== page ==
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Math Help - Integral

  1. #1
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    Integral

    does anyone know how to evaluate this integral

     \Phi(X) = C \cdot (b-X)^{\alpha-1}(X-a)^{\beta-1}  dX

    where C, a,b,\alpha and  \beta are constants
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  2. #2
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    Quote Originally Posted by chogo View Post
    does anyone know how to evaluate this integral

     \Phi(X) = C \cdot (b-X)^{\alpha-1}(X-a)^{\beta-1}  dX

    where C, a,b,\alpha and  \beta are constants
    You fail to mention the limits of integration.
    ---
    This is what I will assume:
    1) b>a
    2)The limits of integration are from x=a \mbox{ to }x=b.
    3)And \alpha,\beta >0.
    ---
    We can ignore the constant C and instead consider:
    \int_a^b (b-x)^{\alpha - 1}(x-a)^{\beta - 1} dx
    Use the functional substitution s=x-a:

    \int_0^{b-a} (b-a -s)^{\alpha - 1}\cdot s^{\beta -1} ds = (b-a)^{\alpha - 1} \int_0^{b-a} \left( 1 - \frac{s}{b-a} \right)^{\alpha - 1}\cdot s^{\beta - 1} ds

    Now use the substitution t=\frac{s}{b-a}:

    (b-a)(b-a)^{\alpha - 1}\int_0^1 (1-t)^{\alpha - 1}\cdot t^{\beta - 1} \cdot (b-a)^{\beta - 1} dt = (b-a)^{\alpha + \beta - 1} \int_0^1 (1-t)^{\alpha - 1} t^{\beta-1} dt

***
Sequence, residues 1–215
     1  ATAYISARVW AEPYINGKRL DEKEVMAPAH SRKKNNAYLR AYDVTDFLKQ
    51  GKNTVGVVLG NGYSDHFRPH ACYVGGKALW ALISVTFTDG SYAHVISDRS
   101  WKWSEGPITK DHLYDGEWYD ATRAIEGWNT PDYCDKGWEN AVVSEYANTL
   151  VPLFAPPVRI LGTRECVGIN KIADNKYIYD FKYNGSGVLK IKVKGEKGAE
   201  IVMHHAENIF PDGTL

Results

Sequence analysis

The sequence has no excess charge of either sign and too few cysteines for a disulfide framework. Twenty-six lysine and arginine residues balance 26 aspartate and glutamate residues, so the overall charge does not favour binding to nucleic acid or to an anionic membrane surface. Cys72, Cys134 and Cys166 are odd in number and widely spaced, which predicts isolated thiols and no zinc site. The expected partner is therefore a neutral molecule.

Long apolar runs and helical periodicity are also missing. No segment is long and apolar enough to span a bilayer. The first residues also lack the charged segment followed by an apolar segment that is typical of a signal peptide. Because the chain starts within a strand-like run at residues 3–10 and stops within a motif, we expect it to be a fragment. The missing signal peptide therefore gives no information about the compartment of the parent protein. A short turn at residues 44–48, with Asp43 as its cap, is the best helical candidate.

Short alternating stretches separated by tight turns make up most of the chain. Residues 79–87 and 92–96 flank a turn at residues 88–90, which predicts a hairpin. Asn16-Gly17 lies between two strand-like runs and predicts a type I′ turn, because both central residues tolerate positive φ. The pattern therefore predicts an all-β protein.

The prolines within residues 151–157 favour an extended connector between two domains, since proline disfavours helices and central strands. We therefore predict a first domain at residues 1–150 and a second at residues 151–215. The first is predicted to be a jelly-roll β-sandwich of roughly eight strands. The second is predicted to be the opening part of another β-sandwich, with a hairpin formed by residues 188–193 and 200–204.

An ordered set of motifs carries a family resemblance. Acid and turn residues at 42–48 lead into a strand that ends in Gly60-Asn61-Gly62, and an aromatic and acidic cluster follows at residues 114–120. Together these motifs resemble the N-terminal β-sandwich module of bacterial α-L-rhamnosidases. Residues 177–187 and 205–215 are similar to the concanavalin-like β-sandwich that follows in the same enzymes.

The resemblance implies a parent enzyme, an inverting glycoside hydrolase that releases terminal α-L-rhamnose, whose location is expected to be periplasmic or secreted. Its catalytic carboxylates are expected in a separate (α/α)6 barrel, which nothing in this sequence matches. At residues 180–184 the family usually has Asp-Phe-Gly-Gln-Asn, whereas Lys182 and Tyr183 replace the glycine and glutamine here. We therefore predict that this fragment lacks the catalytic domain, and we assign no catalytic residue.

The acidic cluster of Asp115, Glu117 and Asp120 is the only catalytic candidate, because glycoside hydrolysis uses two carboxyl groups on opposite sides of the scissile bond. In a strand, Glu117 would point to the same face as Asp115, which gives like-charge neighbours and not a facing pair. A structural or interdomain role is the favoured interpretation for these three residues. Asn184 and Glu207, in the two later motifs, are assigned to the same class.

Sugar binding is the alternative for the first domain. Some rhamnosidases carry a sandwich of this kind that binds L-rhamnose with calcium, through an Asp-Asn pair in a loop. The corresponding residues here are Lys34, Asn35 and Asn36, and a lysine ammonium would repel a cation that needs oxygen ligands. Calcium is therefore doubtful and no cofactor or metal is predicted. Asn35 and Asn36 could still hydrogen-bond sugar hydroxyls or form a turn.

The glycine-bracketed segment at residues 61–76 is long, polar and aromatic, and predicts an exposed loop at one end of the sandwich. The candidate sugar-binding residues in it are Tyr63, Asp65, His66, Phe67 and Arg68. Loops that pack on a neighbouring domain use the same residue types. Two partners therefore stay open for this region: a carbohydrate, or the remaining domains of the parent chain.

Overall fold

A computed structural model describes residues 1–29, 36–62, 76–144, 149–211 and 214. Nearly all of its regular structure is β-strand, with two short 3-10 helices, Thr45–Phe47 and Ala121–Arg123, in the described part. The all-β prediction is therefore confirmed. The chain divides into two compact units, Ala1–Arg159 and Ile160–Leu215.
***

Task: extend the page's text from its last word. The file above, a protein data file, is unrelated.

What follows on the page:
Realize that this is the Beta Integral.

    Thus,
    (b-a)^{ \alpha + \beta - 1} \cdot \bold{B} (\alpha , \beta )

    We can convert this to the Gamma function.

    \boxed{ (b-a)^{\alpha + \beta - 1} \cdot \frac{\Gamma (\alpha )\cdot \Gamma (\beta )}{\Gamma (\alpha + \beta) }}

    So if \alpha,\beta are positive integers we end up with a nice looking result in the end.

    This is Mine 6th Post!!!
    Last edited by ThePerfectHacker; June 13th 2007 at 07:52 PM.
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  3. #3
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    thanks alot. I stuck it into the wolfram integrator and got a formula using the hypergeometric funtion. This makes more sense. The limits are however

     x=t, x=s

    where  s>t

    thanks and congrats on the 6000 post
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